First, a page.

Sarah Glover, born in Norwich, and died at Malvern was the inventor of the Norwich Sol-fa and of the Glass Harmonicon. She is best known for inventing the Norwich Sol-fa , a system of musical notation designed to improve the standard of singing, and to simplify the reading of music. The system was taken up and developed by John Curwen, and it is Curwen's system, known as the Tonic Sol-fa, that is still in use today. She also invented the glass harmonicon.
Sarah claimed that: 'No instrument constructed by man can compare in beauty with the human voice and that the aid of instruments is not indispensable to the preservation of tune in vocal performance.'
Born on 13th November, 1786, the daughter of the Revd. Glover, Rector of St. Laurence Church, St. Benedicts, Norwich, she lived at 91 Pottergate. From the age of six she took music lessons from Dr. J. C. Beckwith. Her mother was a devoted follower of the writings of Mrs. Trimmer . In appearance, Sarah was slight, near-sighted with light brown hair and a tendency to stoop.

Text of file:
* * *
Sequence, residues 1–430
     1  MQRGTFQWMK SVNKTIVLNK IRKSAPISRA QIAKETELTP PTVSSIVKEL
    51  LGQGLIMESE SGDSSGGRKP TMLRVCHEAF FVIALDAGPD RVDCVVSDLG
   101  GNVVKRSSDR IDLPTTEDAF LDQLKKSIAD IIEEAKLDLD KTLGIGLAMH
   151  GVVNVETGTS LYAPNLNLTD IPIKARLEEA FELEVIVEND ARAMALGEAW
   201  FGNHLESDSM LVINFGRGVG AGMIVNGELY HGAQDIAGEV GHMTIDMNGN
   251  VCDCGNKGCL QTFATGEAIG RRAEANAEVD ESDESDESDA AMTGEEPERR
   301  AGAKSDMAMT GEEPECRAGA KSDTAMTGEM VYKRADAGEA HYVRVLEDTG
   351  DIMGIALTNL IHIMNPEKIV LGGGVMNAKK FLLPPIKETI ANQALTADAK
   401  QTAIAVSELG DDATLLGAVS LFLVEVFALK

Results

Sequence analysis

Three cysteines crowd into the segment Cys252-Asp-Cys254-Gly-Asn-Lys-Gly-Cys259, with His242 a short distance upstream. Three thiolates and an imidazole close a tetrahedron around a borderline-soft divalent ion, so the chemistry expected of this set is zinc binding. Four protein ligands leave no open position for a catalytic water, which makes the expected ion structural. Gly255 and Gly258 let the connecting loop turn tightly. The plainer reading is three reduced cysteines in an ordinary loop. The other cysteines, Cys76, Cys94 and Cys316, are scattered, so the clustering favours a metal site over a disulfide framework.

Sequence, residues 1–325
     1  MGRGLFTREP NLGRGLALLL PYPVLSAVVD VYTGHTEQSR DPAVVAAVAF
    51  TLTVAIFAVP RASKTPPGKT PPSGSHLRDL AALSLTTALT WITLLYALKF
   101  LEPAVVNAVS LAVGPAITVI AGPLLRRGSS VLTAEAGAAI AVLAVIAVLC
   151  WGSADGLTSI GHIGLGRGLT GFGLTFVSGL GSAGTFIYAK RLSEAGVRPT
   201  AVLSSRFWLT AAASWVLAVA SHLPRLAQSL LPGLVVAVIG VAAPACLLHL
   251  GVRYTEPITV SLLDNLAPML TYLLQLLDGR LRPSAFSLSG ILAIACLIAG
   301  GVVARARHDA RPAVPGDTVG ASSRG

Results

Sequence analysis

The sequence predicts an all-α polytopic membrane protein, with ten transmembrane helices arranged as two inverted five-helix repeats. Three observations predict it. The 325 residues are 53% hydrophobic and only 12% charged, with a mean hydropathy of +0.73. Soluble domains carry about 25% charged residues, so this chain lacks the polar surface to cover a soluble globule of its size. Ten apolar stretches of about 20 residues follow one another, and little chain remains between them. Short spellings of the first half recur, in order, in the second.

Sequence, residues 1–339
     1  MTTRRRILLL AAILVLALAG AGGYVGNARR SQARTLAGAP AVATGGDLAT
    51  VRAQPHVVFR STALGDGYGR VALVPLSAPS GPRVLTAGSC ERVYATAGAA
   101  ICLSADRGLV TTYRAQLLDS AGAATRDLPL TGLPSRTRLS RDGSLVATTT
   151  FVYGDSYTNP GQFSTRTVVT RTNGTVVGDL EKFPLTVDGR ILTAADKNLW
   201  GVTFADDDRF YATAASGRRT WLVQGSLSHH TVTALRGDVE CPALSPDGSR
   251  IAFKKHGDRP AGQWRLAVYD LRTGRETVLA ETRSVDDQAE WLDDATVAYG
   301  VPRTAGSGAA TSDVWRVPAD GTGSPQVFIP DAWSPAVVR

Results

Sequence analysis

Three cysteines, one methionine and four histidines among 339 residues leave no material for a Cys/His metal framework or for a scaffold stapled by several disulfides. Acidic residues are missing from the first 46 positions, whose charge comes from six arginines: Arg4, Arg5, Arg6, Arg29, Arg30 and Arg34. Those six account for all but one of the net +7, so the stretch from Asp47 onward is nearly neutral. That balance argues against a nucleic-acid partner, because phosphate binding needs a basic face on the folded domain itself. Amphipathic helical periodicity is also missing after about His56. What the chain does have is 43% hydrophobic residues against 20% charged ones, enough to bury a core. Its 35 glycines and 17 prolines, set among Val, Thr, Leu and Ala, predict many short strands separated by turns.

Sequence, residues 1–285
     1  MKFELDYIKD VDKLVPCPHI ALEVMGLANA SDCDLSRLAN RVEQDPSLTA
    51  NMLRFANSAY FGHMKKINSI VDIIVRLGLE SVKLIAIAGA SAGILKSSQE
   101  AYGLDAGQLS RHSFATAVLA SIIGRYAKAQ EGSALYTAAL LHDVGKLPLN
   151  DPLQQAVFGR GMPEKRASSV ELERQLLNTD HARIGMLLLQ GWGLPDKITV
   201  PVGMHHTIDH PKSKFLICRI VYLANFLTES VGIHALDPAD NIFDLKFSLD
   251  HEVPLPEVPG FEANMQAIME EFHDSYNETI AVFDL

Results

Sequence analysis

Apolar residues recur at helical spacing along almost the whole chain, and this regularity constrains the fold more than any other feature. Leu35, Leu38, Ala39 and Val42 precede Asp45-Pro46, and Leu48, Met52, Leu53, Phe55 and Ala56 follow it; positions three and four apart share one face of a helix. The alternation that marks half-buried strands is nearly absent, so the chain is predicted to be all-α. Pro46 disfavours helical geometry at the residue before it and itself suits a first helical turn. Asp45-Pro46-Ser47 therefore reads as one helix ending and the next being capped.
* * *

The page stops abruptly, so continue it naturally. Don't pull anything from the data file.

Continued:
Sarah and her sisters ran a school in Black Boys Yard (off Colegate) - there is a plaque to her on the side wall of the Colegate Merchants pub - and she also taught at the Norwich Workhouse, in the Central School (the teacher training establishment in Norwich at the time), and at Lakenham. She taught music to the blind, and worked as a governess for the family of Sir T. Fowell-Buxton.
She invented the Norwich Sol-fa system of notation in an endeavour to improve standards of amateur music-making amongst all classes of society. She was also interested in other aspects of learning, and appears to have had something of a scientific bent. In 1859, she wrote her Dissertation upon the relationship between Colour and Music, relating it to the Analogy discovered by Sir Isaac Newton to exist between the proportions of the prismatic colours and the division of a musical story, in the ascending Minor scales. She corresponded with academics and researched her subject thoroughly.
Sarah also invented the glass harmonicon, an instrument designed to facilitate her Sol-fa system. Three of these are still in the possession of the Norfolk Museums Service.
At the age of 65, Sarah retired to Cromer, moving to Reading four years later. In 1864 she moved again, this time to Hereford. Sarah died in Malvern on 20th October, 1867, whilst staying with a friend, and it is there that she is buried. She was 87. She merits an entry under her own name in the Grove Dictionary of Music, yet very few Norfolk people have heard of her.